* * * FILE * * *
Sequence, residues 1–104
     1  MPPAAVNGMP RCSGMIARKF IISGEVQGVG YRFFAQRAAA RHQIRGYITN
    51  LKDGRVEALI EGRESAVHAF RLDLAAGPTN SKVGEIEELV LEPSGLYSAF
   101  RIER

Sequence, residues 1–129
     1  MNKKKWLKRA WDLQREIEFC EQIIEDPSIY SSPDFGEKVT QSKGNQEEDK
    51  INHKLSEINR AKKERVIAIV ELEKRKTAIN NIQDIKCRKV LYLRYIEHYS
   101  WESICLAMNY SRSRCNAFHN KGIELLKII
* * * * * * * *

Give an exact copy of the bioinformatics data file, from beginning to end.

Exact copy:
Sequence, residues 1–104
     1  MPPAAVNGMP RCSGMIARKF IISGEVQGVG YRFFAQRAAA RHQIRGYITN
    51  LKDGRVEALI EGRESAVHAF RLDLAAGPTN SKVGEIEELV LEPSGLYSAF
   101  RIER

Sequence, residues 1–129
     1  MNKKKWLKRA WDLQREIEFC EQIIEDPSIY SSPDFGEKVT QSKGNQEEDK
    51  INHKLSEINR AKKERVIAIV ELEKRKTAIN NIQDIKCRKV LYLRYIEHYS
   101  WESICLAMNY SRSRCNAFHN KGIELLKII